A2ties group welcomes exchange students in high school

By Carlina Duan
AAPSNews Service

With approximately 60 foreign exchange students across the district this school year, Ann Arbor’s high schools are packed with a wide variety of exotic culture and language. Yet, uniting the American teen lifestyle with the overseas heritage has proven, in the past, to be difficult.

Juniors enjoy themselves at a student welcome party sponsored by A2ties earlier this fall.
Juniors enjoy themselves at a student welcome party sponsored by A2ties earlier this fall.

This year, there is a solution: A2ties – Ann Arbor Together for International Exchange Students – a student-founded group that creatively reaches out to foreign exchange students across the district.

Established last summer, A2ties has branches at Pioneer, Huron, Community and Skyline high schools and it has worked to assist exchange students with adjusting and intermingling with American society throughout the school year.

“The exchange student community is very segregated, and it’s segregated between American students and exchange students,” said Pioneer junior Amelia Brinkerhoff, one of the group’s founders. “The (exchange student’s) goal is to come to America and learn our culture, and if the German kids sit with the German kids, they’re not learning that culture.

Members of A2ties celebrate Halloween in costume (photo by David Torres. Photo above by Amelia Brinkerhoff)
Members of A2ties celebrate Halloween in costume (photo by David Torres. Photo above by Amelia Brinkerhoff)

“Our goal is to have these students meet new people, to welcome these international citizens into our school, and to improve the quality of the relationship between the American students and exchange students.”

Weekly and monthly events are being planned by the group, which launched the program with an exchange student Welcome Party in the fall.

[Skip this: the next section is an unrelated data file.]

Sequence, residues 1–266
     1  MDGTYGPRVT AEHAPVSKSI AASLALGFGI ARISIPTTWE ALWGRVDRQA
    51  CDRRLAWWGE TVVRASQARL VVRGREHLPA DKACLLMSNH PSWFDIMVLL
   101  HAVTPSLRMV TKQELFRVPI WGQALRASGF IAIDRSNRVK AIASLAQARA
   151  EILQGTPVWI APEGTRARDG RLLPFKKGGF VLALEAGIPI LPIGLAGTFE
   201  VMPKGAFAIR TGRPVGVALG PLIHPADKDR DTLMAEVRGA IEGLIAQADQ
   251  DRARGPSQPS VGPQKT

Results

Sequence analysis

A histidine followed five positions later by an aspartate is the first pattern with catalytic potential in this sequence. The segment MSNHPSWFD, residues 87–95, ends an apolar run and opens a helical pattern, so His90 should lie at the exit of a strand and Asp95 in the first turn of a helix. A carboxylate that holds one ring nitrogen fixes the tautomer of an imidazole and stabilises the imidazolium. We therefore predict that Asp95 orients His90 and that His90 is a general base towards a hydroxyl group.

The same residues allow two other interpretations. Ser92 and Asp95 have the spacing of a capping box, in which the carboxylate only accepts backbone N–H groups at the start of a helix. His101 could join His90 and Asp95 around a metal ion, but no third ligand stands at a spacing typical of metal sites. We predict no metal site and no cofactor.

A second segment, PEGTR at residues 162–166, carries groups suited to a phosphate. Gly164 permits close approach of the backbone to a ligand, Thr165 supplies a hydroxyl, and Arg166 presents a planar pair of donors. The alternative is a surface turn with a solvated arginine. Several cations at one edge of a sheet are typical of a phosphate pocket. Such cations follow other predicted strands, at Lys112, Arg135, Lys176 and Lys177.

“We’re going to have weekly Ultimate Frisbee games, soccer games, a tie-dye party, and a Zingerman’s lunch, so we can experience new things together, have fun, and just meet other people,” said Brinkerhoff. The group also is planning a camping trip for later on in the school year, as well as several movie outings and other sporting events.

On Oct. 31, the group hosted a Halloween party for students from around the district. On Nov. 29, they visited the University of Michigan Museum of Art to view exhibits and gain “an enjoyable end to Thanksgiving break, as well as one that does not involve food!” Brinkerhoff said.  David Torres, another group founder, has planned a Christmas Cookie Party on Dec. 21 from 4-7 p.m. (for location and information, e-mail a2ties@gmail.com.)

“We want these exchange students to have connections all over the place in Ann Arbor. (We want) for them to go out with their host family and see people that they know; because when you have that much pressure and responsibility on you, the littlest things a smile, a wave – can make a huge difference,” Brinkerhoff added.

The group’s founders consist of Ann Arbor students who have returned from one-year exchange student programs.

Founder Michaela Carmein, Community High School junior, said those who have traveled know what is needed. “When [all of us] went abroad, we wished we could’ve had some sort of resource like this,” she said “When I got to Argentina last year for my year abroad, I was totally lost. I didn’t know anybody for the first month. Instead of exchange students hanging out by themselves, they should hang out with us. That way, they’ll be integrated with our society and culture.”

Organizers hope to promote awareness of such challenges exchange students face during their months away from home, and help create connections by spreading their message to the American students.

“The problem with us American students is that we get caught up with the high school experience. We don’t think things like, ‘Who is that girl in the corner?’ But we need to,” added Brinkerhoff.

Carlina Duan is News Editor of The Optimist, the student newspaper at Pioneer High School. This article was originally published in a fall edition of The Optimist.

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